The Evolution of Flight
Deforming the Wing Surface
Of course, every flying insect must be able to produce an airfoil geometry with its wings. Flat wings
simply won't produce any lift. For this purpose, the wings are attached to several muscles similar
to the muscles in our shoulders. These muscles flex various parts of the wings separately, so that the
leading and trailing edges of the wings may be manipulated to create an efficient aerodynamic surface.
Some species, however, have taken wing torsion to new heights, so to speak. Echinomia grossa
(sketch) can twist the leading edges of its wings through nearly 180 degrees so that the trailing edges
point forwards. In the fantastic stunt manoeuver here depicted,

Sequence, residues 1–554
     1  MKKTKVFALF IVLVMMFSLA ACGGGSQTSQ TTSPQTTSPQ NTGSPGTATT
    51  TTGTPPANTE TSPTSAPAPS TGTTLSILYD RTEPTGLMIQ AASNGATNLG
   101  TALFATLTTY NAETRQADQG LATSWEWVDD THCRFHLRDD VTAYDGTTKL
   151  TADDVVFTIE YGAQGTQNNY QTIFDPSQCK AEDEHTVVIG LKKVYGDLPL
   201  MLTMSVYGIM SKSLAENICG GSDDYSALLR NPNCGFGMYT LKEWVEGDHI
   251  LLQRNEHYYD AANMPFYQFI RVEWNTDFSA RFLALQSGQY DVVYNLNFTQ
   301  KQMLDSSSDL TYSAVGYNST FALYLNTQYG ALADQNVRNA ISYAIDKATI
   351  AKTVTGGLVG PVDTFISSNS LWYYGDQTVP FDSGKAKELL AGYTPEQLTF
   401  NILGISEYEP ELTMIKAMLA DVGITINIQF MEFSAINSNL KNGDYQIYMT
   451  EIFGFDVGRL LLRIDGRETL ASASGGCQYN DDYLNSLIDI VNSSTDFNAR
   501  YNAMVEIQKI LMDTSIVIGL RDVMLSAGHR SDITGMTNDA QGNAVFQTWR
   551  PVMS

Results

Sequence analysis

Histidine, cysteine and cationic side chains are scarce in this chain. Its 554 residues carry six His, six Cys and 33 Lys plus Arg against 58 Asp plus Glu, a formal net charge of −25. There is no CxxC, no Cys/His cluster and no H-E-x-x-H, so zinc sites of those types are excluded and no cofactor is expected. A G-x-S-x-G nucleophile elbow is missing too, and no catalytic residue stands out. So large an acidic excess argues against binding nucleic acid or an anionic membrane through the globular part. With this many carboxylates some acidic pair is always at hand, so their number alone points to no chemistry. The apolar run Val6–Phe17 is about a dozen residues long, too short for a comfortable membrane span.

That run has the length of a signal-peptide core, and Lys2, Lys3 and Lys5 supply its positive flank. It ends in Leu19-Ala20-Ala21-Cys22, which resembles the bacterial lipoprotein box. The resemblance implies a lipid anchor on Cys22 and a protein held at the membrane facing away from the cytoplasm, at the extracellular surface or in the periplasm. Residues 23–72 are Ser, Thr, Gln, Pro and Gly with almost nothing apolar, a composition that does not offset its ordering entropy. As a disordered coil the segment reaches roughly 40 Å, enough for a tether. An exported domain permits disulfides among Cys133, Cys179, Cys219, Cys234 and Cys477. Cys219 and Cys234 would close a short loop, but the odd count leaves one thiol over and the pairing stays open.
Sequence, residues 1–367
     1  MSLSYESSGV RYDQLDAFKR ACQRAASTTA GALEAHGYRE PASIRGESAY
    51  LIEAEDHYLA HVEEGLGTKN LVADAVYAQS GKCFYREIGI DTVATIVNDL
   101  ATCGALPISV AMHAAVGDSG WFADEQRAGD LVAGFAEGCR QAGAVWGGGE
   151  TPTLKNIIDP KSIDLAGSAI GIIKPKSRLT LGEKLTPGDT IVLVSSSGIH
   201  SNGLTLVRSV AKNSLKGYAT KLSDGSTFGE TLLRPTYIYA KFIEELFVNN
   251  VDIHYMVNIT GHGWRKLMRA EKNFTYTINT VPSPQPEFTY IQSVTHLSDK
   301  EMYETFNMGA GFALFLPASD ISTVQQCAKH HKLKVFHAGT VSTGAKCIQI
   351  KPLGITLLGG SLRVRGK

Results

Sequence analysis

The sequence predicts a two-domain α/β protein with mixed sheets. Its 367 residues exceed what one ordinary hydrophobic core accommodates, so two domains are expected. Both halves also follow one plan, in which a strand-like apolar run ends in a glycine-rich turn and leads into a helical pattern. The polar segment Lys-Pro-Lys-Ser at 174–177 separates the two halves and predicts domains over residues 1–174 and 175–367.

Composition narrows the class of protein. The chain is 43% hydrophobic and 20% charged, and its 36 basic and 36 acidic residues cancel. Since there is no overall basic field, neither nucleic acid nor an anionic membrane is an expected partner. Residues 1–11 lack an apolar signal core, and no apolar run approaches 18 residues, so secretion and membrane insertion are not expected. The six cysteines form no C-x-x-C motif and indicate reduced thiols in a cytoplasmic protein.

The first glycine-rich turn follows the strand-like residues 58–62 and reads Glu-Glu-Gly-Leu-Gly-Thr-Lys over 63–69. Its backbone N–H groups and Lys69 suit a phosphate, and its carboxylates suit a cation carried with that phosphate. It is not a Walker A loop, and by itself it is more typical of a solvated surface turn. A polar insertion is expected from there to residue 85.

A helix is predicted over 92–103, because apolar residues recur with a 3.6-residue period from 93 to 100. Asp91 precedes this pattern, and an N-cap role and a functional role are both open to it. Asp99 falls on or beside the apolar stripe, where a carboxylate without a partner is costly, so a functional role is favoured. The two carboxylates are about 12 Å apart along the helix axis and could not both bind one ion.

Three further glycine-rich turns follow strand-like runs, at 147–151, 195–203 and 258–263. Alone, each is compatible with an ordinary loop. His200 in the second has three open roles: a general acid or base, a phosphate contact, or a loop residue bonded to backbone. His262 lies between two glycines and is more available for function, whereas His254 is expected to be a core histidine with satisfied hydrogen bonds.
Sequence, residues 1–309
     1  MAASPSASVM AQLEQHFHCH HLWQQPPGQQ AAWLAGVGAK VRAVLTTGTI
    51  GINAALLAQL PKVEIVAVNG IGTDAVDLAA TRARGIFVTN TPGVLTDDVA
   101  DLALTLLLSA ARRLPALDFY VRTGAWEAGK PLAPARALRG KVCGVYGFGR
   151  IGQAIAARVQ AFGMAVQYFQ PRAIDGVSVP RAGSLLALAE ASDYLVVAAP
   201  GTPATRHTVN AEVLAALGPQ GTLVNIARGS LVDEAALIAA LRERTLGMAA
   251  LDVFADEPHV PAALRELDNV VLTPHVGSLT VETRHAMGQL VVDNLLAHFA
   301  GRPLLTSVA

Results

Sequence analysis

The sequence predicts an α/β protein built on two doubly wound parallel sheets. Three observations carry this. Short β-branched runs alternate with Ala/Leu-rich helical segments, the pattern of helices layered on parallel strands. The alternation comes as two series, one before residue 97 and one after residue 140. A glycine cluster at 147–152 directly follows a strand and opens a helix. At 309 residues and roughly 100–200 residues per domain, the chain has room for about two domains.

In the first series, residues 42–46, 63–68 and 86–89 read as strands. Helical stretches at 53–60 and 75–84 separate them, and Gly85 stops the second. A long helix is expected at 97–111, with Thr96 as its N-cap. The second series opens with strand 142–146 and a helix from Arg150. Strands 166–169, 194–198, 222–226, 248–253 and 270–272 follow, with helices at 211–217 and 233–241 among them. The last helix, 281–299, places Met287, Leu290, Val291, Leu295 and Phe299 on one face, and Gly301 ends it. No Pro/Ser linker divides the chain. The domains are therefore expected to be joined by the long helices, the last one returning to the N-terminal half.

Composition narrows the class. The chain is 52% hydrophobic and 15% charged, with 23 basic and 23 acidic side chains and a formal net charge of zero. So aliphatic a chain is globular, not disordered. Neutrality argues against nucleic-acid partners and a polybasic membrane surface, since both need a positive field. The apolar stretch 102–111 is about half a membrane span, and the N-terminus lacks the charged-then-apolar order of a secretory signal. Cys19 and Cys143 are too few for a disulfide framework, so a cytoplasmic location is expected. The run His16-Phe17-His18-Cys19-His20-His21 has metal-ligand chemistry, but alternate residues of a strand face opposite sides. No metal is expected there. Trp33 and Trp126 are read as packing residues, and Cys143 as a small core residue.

this fly takes off backwards and sideways. This feat of sheer agility that cannot be matched by any
bird or bat.
If you want to impress your friends at a party, here's how:
This little trick works because houseflies always take off backwards. Over the eons, the majority
of predators have attacked flies face-on. The take-off, therefore, serves the housefly very well
(except at parties).
Find a housefly on any surface. Sweep your hand towards it from behind and catch it as it launches
itself into your hand. Be sure, though, to be nice and let it go once everybody has realized that
you very deftly caught a fly out of midair!
The Evolution of Flight...5, March 1996